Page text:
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Constitutional Law Seizure of Liquor in Possession of Dominion Crown under Authority of Provincial Statute— Illegality—Notice of Action—Prescription.

(1) The provisions of the Quebec Liquor License Act (R. S. Quebec (1909), sec. 14, pt. 2, chap. 5, title IV.), are not binding upon the Crown in right of the Dominion of Canada. Hence, when a person enters a building of the Intercolonial Railway of Canada and seizes and carries away therefrom certain liquors constituting freight consigned to third persons he cannot justify such seizure and conversion by invoking the authority of the said Act.

(2) Want of notice under Art. 88, C. C. P. (P.Q.), in an action for damages against an officer, if not specially pleaded by the defendant may be raised at the trial, and evi. dence then adduced shewing that the requisite notice was in fact given.

(3) Prescription is not a matter coming within Arts. 2267, and 2188 C. C. P. (P.-Q.), and must be raised by the defence filed.

Newcombe, K.C., for the plaintiff.
Marchand, for the defendant.


Government Railway—Negligence Fatal Injury to Workman—Brakesmen Defective Coupling on Car—Knowledge of Defect—Acceptance of Risk—Unskilled Workman—Standard of Prudence—Liability.

T. was employed on the Intercolonial Railway as a brakesman. At the time of the accident whereby he lost his life he was one of the crew on a shunter-train working between dif

ferent stations along the line of the Intercolonial Railway in the Province of Quebec. The coupling device of one of the cars in this train was defective in that the chain connecting the pin and the lever was broken and disconnected so that the device would not act automatically. It is the practice of brakesmen to uncouple cars when the train is in motion by means of this automatic device. There are no rules or regulations of the road forbidding the work being done in this way. It was shewn by the evidence that the train hands knew that the coupling on this particular car was defective. The deceased was not a permanent employee and had not acquired that skill in coupling and uncoupling cars that more experienced brakesmen have. His attention was called by one of his fellow-workmen to the fact that the coupling was defective but notwithstanding this he undertook to uncouple the car while the train was in motion. Finding that he could not accomplish this with the defective device he went between the cars and attempted to do the work of uncoupling with his hands. He fell between the cars and the wheels passed over him injuring him fatally. Held, that T. had accepted the risk of making the coupling under the circumstances; and that the Crown was not liable. (2) If an inexperienced workman knowing from observation of his skilled fellow-workmen that a particular piece of work is hazardous if done in the method pursued by them, undertakes to so perform it, while another and less dangerous method is open to him, he is not observing a proper standard of prudence and ought not to be held blameless if any accident results from his lack of care.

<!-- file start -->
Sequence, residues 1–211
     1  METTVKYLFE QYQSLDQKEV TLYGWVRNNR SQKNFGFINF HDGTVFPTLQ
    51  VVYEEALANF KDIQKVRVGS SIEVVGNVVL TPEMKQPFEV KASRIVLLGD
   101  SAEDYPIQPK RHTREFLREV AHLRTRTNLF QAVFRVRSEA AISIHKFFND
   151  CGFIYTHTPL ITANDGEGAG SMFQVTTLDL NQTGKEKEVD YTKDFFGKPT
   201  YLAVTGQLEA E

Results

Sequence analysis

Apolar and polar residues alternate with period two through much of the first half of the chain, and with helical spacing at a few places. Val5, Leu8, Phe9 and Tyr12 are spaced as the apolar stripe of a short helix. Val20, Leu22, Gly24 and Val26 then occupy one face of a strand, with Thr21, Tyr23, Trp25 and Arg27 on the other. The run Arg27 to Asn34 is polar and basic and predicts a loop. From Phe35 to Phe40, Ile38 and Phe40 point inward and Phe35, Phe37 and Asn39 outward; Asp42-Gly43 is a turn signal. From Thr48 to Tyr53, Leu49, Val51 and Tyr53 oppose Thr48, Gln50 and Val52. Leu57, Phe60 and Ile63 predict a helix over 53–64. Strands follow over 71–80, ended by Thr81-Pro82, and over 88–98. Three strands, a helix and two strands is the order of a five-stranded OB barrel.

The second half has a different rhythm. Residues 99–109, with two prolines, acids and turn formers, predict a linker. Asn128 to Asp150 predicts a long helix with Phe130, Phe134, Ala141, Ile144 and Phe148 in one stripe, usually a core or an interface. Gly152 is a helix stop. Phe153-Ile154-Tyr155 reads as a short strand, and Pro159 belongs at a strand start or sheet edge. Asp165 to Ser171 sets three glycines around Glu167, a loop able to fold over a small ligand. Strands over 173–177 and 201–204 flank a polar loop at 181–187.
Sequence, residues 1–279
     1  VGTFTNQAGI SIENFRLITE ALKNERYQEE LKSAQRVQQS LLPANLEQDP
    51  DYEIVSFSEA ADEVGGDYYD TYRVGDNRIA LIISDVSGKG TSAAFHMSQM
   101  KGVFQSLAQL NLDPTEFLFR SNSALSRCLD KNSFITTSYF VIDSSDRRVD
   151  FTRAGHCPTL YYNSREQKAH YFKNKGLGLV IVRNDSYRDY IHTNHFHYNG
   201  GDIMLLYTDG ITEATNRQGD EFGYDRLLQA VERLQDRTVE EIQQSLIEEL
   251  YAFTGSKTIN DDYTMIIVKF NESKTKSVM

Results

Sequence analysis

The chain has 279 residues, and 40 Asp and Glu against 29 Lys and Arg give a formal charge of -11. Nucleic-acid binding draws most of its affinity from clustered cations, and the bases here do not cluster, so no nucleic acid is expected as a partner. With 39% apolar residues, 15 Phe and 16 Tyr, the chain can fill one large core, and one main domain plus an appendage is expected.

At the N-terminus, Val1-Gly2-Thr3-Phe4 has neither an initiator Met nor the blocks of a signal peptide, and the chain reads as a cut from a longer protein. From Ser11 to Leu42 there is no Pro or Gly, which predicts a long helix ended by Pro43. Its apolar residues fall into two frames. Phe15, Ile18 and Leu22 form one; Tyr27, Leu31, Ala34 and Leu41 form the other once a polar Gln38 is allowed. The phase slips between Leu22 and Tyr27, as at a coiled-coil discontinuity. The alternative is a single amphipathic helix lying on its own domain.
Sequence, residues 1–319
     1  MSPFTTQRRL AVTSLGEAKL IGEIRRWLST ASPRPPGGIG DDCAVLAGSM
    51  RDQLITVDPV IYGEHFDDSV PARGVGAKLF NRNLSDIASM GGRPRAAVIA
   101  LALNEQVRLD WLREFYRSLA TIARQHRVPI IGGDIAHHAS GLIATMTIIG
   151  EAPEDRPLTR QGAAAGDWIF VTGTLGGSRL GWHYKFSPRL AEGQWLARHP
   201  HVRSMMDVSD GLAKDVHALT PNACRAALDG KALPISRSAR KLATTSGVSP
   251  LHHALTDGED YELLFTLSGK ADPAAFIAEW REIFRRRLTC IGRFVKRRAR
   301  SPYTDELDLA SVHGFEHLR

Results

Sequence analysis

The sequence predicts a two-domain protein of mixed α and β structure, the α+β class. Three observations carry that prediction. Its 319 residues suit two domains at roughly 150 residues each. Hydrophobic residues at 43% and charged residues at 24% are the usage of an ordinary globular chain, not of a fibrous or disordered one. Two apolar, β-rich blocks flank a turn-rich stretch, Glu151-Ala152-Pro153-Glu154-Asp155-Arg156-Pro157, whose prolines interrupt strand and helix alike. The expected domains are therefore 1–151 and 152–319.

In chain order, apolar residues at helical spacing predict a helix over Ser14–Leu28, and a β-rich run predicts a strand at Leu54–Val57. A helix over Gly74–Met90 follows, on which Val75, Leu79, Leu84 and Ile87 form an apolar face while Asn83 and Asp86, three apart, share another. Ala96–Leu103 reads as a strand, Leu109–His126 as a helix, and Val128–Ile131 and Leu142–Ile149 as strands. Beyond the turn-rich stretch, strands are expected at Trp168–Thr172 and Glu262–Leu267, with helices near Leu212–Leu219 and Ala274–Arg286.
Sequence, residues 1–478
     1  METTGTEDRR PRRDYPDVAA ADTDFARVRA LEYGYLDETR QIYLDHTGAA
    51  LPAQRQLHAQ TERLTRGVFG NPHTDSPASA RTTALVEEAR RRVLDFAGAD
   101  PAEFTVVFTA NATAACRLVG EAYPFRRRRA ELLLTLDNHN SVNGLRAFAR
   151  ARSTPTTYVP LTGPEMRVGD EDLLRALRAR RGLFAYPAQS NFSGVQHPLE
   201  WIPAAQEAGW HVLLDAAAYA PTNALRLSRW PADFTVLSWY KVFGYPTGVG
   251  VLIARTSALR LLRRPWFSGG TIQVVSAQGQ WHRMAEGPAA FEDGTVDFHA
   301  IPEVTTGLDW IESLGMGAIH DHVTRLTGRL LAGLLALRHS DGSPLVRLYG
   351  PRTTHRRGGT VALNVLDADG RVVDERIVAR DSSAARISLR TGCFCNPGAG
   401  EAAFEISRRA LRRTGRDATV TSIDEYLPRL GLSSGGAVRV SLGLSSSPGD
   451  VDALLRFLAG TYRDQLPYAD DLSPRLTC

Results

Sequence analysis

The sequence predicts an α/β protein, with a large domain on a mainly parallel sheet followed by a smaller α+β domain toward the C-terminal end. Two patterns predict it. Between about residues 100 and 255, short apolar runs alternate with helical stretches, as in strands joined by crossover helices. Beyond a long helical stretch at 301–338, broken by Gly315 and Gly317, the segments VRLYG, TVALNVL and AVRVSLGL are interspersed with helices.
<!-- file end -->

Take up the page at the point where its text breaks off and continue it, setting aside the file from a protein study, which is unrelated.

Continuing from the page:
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This decision is the first of its kind, relative to the assess. ment of hotels where Local Option has come into force, and it will, therefore, be of interest to many of our readers—ED.

In the matter of appeal from the Court of Revision of the town of Clinton. Between :—



J. S. Killoran, for appellants.
The Mayor and Reeve, for corporation.

The appellants in each of the above-mentioned appeals, appeal against their assessment, on the grounds of (1), overcharge on land, and (2), that the appellants are not liable for business tax.” The appellants contend that the passage of the Local Option By-law, by the respondents, has reduced the value of appellants' hotel property to upwards of one-half its former value. A standard author, Weir, on Assessment Law of Ontario, at p. 130, says: “It is a popular error that the costs of the buildings, less proper allowance for wear and tear, and other deterioration, should be the assessed value. By “value of the land ’’ and “actual * value in this section is doubtless meant the market value, or the value as an asset of the owner's estate. Its “actual value, must, however, be mea. sured in dollars, and is not more than what within a reasonable time, and with due care, can be realized from the sale of it.” “Strictly speaking, the value of the land, as of any other commodity, is the price it will bring at the time it is offered for sale.” Squire qui tam Wilson, 15 C. P. 284. There is no doubt that the passage of the Local Option By-law in Clinton has most materially reduced the value of all hotel property there, if it has not made it wholly unsaleable. The appellants contend, and not unreasonably, that the by-law has reduced the value by one-half. It is a serious question whether any of these properties could now be sold, without their contents or fixtures (which are not assessable), for half the sum at which they are now assessed.